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After the Persian Gulf War
We pretty much ignored the Persian Gulf war in the WIND, mostly because it was over between one issue and the next. None of us is sorry about that. Like everyone else, we watched television, read the papers, listened to the radio, were skeptical of the politicians, worried about the people who were in Southwest Asia, and hoped for the best.
As an aging warrior who was pretty much dumped on for taking part in the last war, again, like everyone else, I fervently hoped that a) this wouldn’t turn into another extended affair we wouldn’t win, and b) that it wouldn’t cost a great many American lives.
In looking back on it, I will remember two events very clearly. The first concerns a middle aged friend of mine in Boulder. His name is Bang Nguyen and he came here from Vietnam 15 years ago, because he had been in the South Vietnamese Army and he couldn’t stay there when the place finally fell. Now he works at the University of Colorado as a very skilled print reproduction technician, making sure teachers and administrators have plenty of papers to hand out.
When the Persian Gulf War was over, he called me aside and, with tears in his eyes, asked, “Why couldn’t you have done that for us? Oh, I’m so glad for those people, but why couldn’t you have done that for us? Yes, there are thousands of Kuwaitis, but there were millions of us…”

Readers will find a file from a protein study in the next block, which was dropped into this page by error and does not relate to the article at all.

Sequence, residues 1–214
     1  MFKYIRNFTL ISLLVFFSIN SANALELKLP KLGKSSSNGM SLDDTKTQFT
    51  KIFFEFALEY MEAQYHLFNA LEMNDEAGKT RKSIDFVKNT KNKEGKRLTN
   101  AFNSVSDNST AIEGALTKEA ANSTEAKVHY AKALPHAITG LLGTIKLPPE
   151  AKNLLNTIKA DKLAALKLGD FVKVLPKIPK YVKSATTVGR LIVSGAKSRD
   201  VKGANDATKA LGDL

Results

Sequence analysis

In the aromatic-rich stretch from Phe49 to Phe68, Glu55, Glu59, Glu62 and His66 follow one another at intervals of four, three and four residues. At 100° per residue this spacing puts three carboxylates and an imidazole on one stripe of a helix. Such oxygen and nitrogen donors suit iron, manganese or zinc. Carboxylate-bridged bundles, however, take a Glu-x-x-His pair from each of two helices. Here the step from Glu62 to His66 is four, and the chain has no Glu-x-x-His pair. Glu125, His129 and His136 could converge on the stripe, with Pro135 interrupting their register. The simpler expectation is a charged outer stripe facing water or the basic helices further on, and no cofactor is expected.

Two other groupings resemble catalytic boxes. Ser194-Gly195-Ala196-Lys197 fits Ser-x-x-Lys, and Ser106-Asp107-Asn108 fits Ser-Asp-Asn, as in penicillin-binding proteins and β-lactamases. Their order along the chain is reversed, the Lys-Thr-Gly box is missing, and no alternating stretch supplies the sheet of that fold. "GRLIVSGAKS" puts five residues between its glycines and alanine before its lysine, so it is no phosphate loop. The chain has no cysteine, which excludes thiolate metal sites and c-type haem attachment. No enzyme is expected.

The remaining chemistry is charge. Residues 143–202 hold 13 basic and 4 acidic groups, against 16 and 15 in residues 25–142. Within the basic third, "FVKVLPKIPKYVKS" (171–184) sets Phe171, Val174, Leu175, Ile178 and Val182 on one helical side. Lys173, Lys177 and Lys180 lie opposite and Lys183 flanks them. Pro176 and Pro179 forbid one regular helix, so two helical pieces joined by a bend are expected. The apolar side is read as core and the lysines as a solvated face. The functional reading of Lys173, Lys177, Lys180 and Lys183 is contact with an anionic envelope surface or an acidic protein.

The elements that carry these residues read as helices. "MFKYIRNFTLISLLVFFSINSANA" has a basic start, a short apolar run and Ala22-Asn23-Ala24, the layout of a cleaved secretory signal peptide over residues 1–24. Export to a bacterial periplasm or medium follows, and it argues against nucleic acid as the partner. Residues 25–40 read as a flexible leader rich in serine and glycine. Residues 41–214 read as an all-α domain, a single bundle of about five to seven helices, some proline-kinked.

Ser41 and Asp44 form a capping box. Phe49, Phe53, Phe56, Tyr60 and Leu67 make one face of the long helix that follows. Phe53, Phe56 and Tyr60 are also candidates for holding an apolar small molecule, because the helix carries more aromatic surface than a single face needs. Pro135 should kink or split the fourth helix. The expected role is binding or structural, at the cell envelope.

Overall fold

“Bang,” I said, “the world has changed. Those of us who were there could have won the war, and we would have liked to, believe me, but the politicians wouldn’t let us. People like Bush and Schwarzkopf learned from those mistakes, and that’s why it didn’t happen this time. Sometimes those lessons are very costly. I’m sorry.”
And he looked at me, and nodded his head, and the tears came down, and I knew he was thinking about his friends and relatives and comrades-in-arms and 58,000 Americans who had died so we in America could learn this lesson, and I had to silently agree with him that it didn’t seem worth it.
The second event was the return of the CBS news crew and the POWs who were prisoners for 40 days and who learned, at last, after taking it for granted all their lives, how truly precious freedom is. When they talked about the way they were treated, by people who thought such treatment was the way life should be, you could see that they would never again take freedom for granted.
So it’s over, and we won, and this time I’m happy to say our returning soldiers will be treated with the thanks and respect they deserve. We can continue to buy our gas for less than almost any other country in the world, and we can continue to make fun of our politicians and have plenty to eat, and our vodka isn’t rationed. And for those of us who live here in our mountains, we can continue to revel in the beauty and solitude of this place, and the freedom to do pretty much anything we damn please.
But next time we step out the door, smell that pine scented air and look at that Colorado blue sky, we might take a moment to thank whatever deity we worship, that we happen to be Americans.
© 1985 – 2003, David E. Steiner
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